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Archive for the ‘Vermont Home Energy Assessment’ Category

How to Get Off the Oil Price Roller Coaster

Tuesday, August 16th, 2016

If we’ve learned anything in the first 16 years of the 21st century, it’s that expecting the unexpected is the best way to plan for the future.

If that sounds a little scary, let’s consider heating oil prices. Who would have guessed two years ago when prices were heading towards $4.00 a gallon that we’d now be looking at prices averaging just over $2.00? As a fuel oil dealer, we welcome the budget relief that low prices offer customers, but want to be sure we (and our customers) think a bit about some of the challenges that this extreme volatility can bring.

Source: Tradingeconomics.com

In Vermont, the good news is that fuel prices are currently averaging 19¢ a gallon below the same month of 2015. The bad news is that we’ve seen a steady price increase since March.

Source - Vermont Fuel Price Report, Vermont Department of Public Service

It’s easy to point to several factors that could affect heating fuel prices as we get closer to the cold winter weather:

  • Some weather experts are predicting the that end of the strongest El Nino in recorded history has started to make a transition into a La Nina-like state which could mean colder than average temperatures and more snow in the Northeast this winter. This is a welcome relief for those Vermonters that depend on the snow for recreation or livelihood, but a potential problem for those of us who will use more heating oil.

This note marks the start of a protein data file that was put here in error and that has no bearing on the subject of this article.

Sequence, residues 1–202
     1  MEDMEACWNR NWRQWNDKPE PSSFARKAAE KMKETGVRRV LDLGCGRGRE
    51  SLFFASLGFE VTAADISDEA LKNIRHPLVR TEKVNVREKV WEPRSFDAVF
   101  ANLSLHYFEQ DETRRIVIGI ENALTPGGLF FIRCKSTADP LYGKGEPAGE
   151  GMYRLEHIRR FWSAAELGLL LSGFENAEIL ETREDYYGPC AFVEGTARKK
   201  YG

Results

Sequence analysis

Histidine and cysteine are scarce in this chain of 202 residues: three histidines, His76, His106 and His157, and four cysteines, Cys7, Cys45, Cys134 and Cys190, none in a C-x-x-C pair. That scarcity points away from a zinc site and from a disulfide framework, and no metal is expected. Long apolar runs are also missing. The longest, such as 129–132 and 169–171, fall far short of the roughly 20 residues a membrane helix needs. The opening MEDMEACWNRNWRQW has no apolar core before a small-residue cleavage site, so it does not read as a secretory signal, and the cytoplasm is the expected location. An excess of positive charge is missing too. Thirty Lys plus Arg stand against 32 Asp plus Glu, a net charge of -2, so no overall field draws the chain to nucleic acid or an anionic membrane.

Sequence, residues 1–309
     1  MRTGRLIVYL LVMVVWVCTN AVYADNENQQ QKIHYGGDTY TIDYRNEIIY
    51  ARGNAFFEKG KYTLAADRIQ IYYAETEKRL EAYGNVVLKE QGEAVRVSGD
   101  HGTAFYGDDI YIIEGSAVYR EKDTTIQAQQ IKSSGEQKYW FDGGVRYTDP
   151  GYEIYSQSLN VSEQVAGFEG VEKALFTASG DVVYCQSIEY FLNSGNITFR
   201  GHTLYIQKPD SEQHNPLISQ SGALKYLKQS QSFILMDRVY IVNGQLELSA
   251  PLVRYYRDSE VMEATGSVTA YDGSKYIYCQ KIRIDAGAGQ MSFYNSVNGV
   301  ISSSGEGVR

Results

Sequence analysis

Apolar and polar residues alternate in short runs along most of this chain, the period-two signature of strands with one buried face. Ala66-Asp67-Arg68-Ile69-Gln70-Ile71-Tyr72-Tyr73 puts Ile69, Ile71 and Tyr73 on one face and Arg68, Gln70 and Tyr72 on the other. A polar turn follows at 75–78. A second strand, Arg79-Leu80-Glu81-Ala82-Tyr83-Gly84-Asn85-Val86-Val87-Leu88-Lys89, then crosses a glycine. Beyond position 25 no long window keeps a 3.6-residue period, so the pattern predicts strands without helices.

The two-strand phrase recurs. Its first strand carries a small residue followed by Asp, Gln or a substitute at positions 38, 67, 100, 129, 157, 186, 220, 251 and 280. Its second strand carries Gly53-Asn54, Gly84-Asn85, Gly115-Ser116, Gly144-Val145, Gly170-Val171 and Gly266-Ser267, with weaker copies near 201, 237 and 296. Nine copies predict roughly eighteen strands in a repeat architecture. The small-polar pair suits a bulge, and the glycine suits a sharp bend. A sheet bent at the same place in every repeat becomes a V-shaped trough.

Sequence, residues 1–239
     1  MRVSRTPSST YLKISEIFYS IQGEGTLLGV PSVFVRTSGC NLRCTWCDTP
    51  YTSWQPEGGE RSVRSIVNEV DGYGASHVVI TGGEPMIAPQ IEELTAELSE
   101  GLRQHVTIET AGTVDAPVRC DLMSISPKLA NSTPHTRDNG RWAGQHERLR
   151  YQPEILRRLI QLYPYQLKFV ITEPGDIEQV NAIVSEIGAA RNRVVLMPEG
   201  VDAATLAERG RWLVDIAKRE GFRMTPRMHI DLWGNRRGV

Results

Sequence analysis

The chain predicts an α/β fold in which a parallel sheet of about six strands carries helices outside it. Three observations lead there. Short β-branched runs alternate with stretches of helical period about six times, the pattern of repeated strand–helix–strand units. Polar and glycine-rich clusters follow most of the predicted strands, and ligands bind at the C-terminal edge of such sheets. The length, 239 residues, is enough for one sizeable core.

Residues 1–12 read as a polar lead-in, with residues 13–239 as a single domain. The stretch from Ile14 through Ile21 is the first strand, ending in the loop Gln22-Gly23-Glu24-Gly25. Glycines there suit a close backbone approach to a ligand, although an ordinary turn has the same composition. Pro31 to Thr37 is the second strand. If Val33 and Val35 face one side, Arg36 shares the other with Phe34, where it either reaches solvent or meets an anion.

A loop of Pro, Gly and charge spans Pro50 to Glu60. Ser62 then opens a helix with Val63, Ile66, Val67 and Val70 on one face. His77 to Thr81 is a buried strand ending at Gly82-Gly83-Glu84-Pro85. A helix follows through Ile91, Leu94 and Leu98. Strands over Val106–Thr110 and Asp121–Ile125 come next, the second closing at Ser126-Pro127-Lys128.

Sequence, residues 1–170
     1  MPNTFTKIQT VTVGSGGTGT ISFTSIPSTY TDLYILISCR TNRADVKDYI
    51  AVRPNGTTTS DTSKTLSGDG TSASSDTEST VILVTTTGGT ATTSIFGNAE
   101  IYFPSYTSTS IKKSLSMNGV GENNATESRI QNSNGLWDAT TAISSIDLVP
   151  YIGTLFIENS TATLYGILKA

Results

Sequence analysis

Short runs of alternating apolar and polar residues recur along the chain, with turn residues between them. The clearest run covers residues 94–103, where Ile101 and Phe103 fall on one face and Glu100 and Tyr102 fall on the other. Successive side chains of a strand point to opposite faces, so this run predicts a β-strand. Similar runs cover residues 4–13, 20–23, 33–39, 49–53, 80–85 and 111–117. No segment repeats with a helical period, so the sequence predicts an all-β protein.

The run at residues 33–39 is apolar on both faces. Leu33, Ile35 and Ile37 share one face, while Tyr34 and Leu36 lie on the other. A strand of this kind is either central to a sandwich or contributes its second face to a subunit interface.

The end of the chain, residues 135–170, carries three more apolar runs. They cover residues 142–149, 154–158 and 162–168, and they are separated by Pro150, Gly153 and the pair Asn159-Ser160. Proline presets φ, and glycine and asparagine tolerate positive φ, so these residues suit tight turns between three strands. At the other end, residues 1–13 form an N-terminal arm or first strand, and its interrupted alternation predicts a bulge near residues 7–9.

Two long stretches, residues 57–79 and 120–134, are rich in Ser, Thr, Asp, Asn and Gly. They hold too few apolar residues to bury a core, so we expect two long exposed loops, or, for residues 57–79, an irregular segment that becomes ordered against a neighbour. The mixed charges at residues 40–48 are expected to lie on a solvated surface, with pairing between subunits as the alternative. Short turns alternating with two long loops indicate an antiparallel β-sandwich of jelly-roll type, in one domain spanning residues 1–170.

• The presidential candidates have adopted different positions for and against climate change action that could eventually trickle down to affect gasoline and heating oil prices.
  • A recent New York Times article quotes OPEC sources who are speculating that a global output freeze could take place in September, when most members, plus non-members such as Russia, are expected to attend an International Energy Forum meeting in Algeria.

What can we do now to help protect our household budgets from future price increases? To use a sports metaphor, “our best defense is a good offense.”

  1. Do everything you can to improve your home’s energy efficiency and reduce the amount of heating fuel you use. Even simple things like adding insulation and regular heating system tune ups can make a big difference.
  2. Consider harnessing renewable energy sources to heat your home and provide your hot water. Rooftop or in-ground solar along with a cold-climate heat pump is a great choice that is becoming more and more popular.
  3. Sign up for price protection to lock in today’s low prices for the rest of the season. Combine this with a budget payment plan and you’ll eliminate those nasty mid-winter surprises when your oil usage spikes during a cold snap.

At the Energy Co-op, our goal is to help our members use less fossil fuel and save money. Don’t let the fuel price roller coaster leave you at the station. Call us today for a free home energy review or to schedule your pre-winter system tune up.

 

Don’t Let Low Fuel Prices Fool You

Tuesday, September 29th, 2015

If you’re the type of person who just went out and purchased a large SUV because gas prices are flirting with $2.00 a gallon, don’t read this. On the other hand, if you see low energy prices as an interesting opportunity, read on.

Everyone who drives a car or heats their home with oil, propane or kerosene is aware that prices have dropped dramatically since last year. There are many factors effecting current low oil prices. These include sustained high output from OPEC nations, the ability of American frackers to cut costs and maintain output, and lower demand from China. Like all complex international issues involving markets and energy, it’s anyone’s guess as to when prices will rise again – or whether they have further to fall.

The Vermont Fuel Dealers Association has published these numbers for average Vermont fuel prices as of the end of August, 2015 compared with those of a year ago: